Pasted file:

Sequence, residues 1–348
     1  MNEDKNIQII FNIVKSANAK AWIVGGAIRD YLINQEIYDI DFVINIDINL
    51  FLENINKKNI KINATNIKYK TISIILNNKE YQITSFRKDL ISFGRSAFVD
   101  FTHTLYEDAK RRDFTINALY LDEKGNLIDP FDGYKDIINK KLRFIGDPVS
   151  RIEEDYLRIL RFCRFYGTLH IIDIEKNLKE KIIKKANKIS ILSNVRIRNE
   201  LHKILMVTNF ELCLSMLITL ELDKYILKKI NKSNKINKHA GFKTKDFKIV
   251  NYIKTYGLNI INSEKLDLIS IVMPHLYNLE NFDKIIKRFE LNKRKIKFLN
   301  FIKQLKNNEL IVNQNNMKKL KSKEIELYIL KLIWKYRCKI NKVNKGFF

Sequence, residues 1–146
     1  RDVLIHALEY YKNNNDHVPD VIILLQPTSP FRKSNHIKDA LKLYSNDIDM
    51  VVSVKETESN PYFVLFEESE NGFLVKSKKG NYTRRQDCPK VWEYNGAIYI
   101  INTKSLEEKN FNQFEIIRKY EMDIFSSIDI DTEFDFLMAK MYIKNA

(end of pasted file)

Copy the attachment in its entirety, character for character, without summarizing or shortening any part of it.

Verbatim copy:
Sequence, residues 1–348
     1  MNEDKNIQII FNIVKSANAK AWIVGGAIRD YLINQEIYDI DFVINIDINL
    51  FLENINKKNI KINATNIKYK TISIILNNKE YQITSFRKDL ISFGRSAFVD
   101  FTHTLYEDAK RRDFTINALY LDEKGNLIDP FDGYKDIINK KLRFIGDPVS
   151  RIEEDYLRIL RFCRFYGTLH IIDIEKNLKE KIIKKANKIS ILSNVRIRNE
   201  LHKILMVTNF ELCLSMLITL ELDKYILKKI NKSNKINKHA GFKTKDFKIV
   251  NYIKTYGLNI INSEKLDLIS IVMPHLYNLE NFDKIIKRFE LNKRKIKFLN
   301  FIKQLKNNEL IVNQNNMKKL KSKEIELYIL KLIWKYRCKI NKVNKGFF

Sequence, residues 1–146
     1  RDVLIHALEY YKNNNDHVPD VIILLQPTSP FRKSNHIKDA LKLYSNDIDM
    51  VVSVKETESN PYFVLFEESE NGFLVKSKKG NYTRRQDCPK VWEYNGAIYI
   101  INTKSLEEKN FNQFEIIRKY EMDIFSSIDI DTEFDFLMAK MYIKNA